Palestinian leader Abbas meets Saudi crown prince in Jeddah

Meeting focuses on ways to strengthen ties, while prince reaffirms commitment to establishing independent Palestinian state; Hamas delegation also in kingdom

Palestinian Authority President Mahmoud Abbas, left, meeting with Saudi Arabia's Crown Prince Mohammed bin Salman in the Saudi port city of Jeddah, April 19, 2023. (Wafa)
Palestinian Authority President Mahmoud Abbas, left, meeting with Saudi Arabia's Crown Prince Mohammed bin Salman in the Saudi port city of Jeddah, April 19, 2023. (Wafa)

Palestinian Authority President Mahmoud Abbas met Wednesday with Saudi Arabia’s de facto ruler, Crown Prince Mohammed bin Salman, in the kingdom’s port city of Jeddah.

Abbas briefed Prince Mohammed on Palestinian political developments and the situation in the West Bank, according to Wafa, the official Palestinian Authority news service. The two also discussed strengthening Saudi-Palestinian ties.

Abbas praised Saudi Arabia for its support of the Palestinian cause in line with the  Arab Peace Initiative, which dates back to 2002 and envisions ending the conflict with Israel by establishing an independent Palestinian state with Jerusalem as its capital.

Prince Mohammed gave his support for the Palestinians’ cause and their own state, according to the readout.

Also at the meeting was Fatah Party Secretary General Hussein Al-Sheikh and PA intelligence service head Maj. Gen. Majed Faraj. Saudi representatives included the kingdom’s Defense Minister Khalid bin Salman, Foreign Minister Prince Faisal bin Farhan, and Chief of Intelligence Khaled Humaidan Musaed Al-Aiban.

The meeting came as a delegation of top officials from the Hamas terror group were also in the country, reportedly to meet with local officials in an effort to patch up ties with Riyadh.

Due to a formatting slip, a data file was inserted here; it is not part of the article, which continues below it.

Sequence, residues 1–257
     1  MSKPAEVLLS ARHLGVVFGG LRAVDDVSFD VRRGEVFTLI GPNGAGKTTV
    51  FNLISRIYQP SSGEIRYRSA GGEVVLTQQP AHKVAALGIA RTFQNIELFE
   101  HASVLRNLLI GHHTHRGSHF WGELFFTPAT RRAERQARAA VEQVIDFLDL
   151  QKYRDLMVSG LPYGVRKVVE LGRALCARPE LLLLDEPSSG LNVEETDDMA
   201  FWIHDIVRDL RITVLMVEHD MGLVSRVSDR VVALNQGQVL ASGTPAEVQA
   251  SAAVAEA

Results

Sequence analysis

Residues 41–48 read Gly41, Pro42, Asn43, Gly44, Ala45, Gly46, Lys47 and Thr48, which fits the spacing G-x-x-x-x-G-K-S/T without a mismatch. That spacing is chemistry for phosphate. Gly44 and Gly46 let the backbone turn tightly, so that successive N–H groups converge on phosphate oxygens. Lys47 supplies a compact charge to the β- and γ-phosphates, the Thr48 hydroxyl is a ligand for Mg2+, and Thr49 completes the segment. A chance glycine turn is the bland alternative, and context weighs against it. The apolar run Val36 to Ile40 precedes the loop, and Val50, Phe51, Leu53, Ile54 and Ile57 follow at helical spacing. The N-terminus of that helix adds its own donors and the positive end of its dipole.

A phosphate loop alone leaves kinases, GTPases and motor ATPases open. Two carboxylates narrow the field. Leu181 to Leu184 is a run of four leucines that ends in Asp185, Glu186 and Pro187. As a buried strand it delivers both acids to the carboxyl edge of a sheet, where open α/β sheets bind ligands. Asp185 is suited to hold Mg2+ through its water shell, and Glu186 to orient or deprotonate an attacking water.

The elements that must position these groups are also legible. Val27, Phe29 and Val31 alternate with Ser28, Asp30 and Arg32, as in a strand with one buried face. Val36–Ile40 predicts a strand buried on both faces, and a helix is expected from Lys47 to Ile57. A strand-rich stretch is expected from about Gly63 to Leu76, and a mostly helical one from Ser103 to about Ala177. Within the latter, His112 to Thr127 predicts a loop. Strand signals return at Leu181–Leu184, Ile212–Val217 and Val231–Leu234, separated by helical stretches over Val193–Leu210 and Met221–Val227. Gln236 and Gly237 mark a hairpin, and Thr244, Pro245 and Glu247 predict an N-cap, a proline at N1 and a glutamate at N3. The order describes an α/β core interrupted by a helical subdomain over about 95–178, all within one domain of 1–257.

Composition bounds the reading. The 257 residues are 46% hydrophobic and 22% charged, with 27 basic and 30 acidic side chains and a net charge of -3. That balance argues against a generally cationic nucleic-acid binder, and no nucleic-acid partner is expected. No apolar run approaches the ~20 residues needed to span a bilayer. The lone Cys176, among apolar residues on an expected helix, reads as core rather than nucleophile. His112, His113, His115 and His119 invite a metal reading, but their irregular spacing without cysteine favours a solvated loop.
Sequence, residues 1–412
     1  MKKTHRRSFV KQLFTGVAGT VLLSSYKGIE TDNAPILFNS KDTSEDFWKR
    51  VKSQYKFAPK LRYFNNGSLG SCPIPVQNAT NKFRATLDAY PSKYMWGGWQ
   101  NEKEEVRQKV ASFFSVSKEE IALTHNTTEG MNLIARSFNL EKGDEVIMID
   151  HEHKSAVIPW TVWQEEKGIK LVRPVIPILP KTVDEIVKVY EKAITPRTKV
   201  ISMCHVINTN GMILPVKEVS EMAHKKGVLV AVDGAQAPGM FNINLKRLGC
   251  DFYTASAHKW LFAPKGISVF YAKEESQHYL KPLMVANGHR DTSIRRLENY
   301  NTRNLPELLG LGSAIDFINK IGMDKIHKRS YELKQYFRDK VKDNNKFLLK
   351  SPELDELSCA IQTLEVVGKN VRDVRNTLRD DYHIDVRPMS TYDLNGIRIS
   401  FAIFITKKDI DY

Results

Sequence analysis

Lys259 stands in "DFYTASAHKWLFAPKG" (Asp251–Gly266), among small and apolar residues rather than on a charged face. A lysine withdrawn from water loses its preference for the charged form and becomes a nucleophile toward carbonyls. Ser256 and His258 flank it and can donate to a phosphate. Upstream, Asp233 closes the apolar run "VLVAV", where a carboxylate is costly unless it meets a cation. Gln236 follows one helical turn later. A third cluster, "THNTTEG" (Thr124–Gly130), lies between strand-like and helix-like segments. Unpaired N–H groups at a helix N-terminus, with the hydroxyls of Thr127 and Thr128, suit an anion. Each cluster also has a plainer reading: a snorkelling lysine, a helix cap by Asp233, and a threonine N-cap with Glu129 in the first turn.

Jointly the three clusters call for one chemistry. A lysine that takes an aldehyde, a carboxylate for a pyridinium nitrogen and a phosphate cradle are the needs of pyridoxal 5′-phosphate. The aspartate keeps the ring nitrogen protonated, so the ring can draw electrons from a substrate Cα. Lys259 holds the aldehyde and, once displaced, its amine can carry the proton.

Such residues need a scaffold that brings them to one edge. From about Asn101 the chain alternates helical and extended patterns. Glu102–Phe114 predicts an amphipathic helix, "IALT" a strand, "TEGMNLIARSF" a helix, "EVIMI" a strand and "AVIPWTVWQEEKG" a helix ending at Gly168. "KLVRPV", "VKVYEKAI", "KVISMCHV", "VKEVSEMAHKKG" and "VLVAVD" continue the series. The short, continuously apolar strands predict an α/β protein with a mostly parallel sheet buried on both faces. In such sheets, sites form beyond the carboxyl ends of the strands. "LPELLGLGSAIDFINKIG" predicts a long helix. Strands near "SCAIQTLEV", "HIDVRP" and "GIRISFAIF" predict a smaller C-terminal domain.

The visit was not officially confirmed by either Hamas or the Saudis. However, a video posted to social media Tuesday showed Hamas leaders Ismail Haniyeh and Khaled Mashaal wearing white terrycloth garments symbolic of the Muslim Hajj pilgrimage as they circled Islam’s holiest site in Mecca. The Muslim world is currently marking the final week of the Ramadan holy month.

The trip by a senior delegation representing Hamas represents a major development as Israel’s hopes of forging official ties with Riyadh appear to dwindle further.

Last week, US media reported that Saudi Arabia’s interest in establishing diplomatic relations with Israel had cooled in recent months amid ongoing violence in the West Bank and clashes at the flashpoint Temple Mount site.

Prime Minister Benjamin Netanyahu prioritized including the kingdom in the 2020 Abraham Accords upon his return to office in December, but Riyadh and other Muslim nations have become reluctant to openly advance a deal due to spiking Israeli-Palestinian tensions, Israeli and Gulf officials told The Wall Street Journal.

Notably, a plan brokered by Washington to schedule direct flights from Tel Aviv to Mecca, allowing Israel’s Muslim citizens to more easily take part in the sacred Hajj pilgrimage, is unlikely to be finalized, Israeli officials told the paper.

The US-brokered Abraham Accords saw the kingdom’s neighbors the United Arab Emirates and Bahrain establish full diplomatic ties with Israel.

In 2022, hopes for deepening ties with Riyadh peaked when the kingdom allowed Israeli civilian flights to pass over its airspace.

Since the establishment of Netanyahu’s hardline right-wing government, the Saudis have issued several condemnations against Israel over West Bank settlement expansion and violent confrontations between Israeli troops and Palestinians.

Shortly before being sworn in, Netanyahu said a normalization deal with the Saudis could serve as a “quantum leap” for long-moribund peace talks with the Palestinians.

The two countries were also interested in aligning against their common regional rival Iran. However, the recent rapprochement deal between Riyadh and Tehran is further complicating efforts.

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